Wise Children brings vitality and vibrancy to the Bristol Old Vic stage

 25th January 2019

Image: Steve Tanner

Nora and Dora Chance are celebrating their 75th birthday south of the River Thames. North of the water, their father Melchior Hazard is ready to host his 100th birthday party. The greatest actor of his generation is reaching out to his somewhat estranged daughters, showgirls in Melchior’s performances but essentially fatherless for their whole lives. The birthday invitation to Nora and Dora sets them down a path of memories, tracing their lives back several generations to track a tumultuous existence.

Shakespearean tragedy abounds, well beyond Melchior’s thespianism, with illegitimate children, betrayal, incest, attempted murder and more. Intrigue stalks the family, with Grandma Chance and Melchior’s brother Peregrine adding further rumour to bedtime romps and the siring of children. 

The production is superb, mid-century dressing room lights and an exquisite 50s caravan bringing stardom to the stage. Beautiful charcoal projections animate the twins journey through London to their father’s party. There is energy in every step, the movements of the actors mostly balletic and gymnastic, meaning that Wise Children sparks with vitality and vibrancy.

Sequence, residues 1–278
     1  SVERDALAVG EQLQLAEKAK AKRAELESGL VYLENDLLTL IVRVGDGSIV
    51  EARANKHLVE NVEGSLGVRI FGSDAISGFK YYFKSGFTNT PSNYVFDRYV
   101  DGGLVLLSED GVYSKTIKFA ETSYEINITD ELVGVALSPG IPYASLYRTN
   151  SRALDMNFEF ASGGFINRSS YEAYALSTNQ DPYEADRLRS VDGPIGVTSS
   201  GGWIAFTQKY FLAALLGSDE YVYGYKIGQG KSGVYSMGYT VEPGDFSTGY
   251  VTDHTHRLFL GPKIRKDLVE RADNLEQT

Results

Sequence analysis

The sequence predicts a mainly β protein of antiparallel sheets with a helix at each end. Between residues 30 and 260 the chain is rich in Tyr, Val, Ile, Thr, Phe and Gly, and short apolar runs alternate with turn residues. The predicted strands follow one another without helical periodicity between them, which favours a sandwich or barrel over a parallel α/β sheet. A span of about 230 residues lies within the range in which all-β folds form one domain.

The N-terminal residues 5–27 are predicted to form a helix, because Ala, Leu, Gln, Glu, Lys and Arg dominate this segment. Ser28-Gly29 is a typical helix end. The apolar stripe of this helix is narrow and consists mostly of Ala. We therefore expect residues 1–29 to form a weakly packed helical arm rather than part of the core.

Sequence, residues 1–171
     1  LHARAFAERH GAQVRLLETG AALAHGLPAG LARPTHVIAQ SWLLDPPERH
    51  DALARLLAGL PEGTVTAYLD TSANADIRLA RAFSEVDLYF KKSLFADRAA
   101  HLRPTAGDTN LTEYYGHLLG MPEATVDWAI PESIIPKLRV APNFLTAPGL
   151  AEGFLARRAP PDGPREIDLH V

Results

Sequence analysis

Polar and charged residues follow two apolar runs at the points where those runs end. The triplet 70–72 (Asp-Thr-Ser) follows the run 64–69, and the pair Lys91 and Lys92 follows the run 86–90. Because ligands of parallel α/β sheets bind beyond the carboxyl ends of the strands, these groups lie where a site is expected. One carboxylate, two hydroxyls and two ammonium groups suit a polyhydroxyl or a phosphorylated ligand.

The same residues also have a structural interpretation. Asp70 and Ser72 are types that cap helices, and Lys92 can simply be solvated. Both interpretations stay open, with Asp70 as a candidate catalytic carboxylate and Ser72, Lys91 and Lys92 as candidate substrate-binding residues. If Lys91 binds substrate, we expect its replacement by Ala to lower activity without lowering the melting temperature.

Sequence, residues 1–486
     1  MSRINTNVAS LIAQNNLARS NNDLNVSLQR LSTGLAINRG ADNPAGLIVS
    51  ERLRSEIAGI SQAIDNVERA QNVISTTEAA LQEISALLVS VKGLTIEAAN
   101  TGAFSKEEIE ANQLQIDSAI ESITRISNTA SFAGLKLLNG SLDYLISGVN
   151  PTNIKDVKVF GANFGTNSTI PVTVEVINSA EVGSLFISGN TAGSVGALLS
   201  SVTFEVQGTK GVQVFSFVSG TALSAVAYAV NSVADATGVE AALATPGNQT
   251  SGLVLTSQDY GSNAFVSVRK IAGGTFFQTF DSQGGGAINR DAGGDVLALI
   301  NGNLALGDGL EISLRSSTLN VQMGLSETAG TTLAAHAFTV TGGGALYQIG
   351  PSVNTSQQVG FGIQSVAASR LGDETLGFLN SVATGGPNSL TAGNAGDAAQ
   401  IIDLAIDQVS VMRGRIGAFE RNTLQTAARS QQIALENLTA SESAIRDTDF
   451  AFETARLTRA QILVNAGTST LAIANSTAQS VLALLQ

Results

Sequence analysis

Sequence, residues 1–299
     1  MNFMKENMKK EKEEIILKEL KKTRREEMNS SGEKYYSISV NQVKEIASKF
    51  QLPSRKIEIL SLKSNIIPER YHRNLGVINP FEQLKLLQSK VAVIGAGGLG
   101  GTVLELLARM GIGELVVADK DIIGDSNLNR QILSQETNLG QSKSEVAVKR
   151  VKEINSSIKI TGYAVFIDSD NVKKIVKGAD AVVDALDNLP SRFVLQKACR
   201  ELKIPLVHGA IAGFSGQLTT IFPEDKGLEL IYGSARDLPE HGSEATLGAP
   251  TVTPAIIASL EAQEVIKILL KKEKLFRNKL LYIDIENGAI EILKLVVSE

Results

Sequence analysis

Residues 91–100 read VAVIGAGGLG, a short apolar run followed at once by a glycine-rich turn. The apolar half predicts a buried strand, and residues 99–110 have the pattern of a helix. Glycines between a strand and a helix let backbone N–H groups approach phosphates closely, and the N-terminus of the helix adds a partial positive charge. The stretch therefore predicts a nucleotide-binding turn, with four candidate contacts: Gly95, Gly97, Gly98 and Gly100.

There are plenty of comedic moments to whisk through the tragedy as well. Grandma Chance (Katy Owen) demonstrates sexual intercourse to young Nora and Dora using a stick of rock and a bagel, and deplores a stage hand to cover up her muff, featuring “more foliage than Kew Gardens.” Paul Hunter makes several fine comedic cameos, including as an old school end-of-the-pier comedian Gorgeous George, and there is plenty of Widow Twanky to Gareth Snooks performance as the ageing Dora who narrates much of the show in ironic South London drawl.

Image: Steve Tanner

With fine performances all round, Sam Archer steals the show as young Peregrine Hazard, the uncle to Nora and Dora who makes up for their father’s absence. Striding and strutting around the stage, Peregrine swirls the girls up into a fantasy of dance, laughter and joie de vivre, his charisma masking a darker undertone which is picked up in the play’s final moments.

While the show is outstanding, wildly entertaining and full of joy, there are some missteps. Peregrine’s inclination for incest is flashed away in a moment, leaving it feeling unimportant or insincere. The ending, meanwhile, feels rushed, and in fact there seems to be several endings in one – partly down to original author Angela Carter’s novel having several late reveals. Elsewhere, in fine Shakespearean fashion, there is much cross-dressing – the aforementioned Snooks plays the older Dora excellently, while Patrycja Kujawska pulls off her young blue-eyed lover. This fluidity works less well for Nora, who goes from having a French accent as a child (Mirabelle Gremaud) to being played by a black man (Omari Douglas) as a showgirl, and then a white woman (Ella Murfitt) in her dotage – which all adds up to a shaving of cognitive dissonance and mild lack of coherence.

Nevertheless, these are small grumbles for a show that is infused with wit, liveliness and strength. Audiences can look forward to a stellar show as Wise Children tours the country throughout the rest of the winter.

Conal Dougan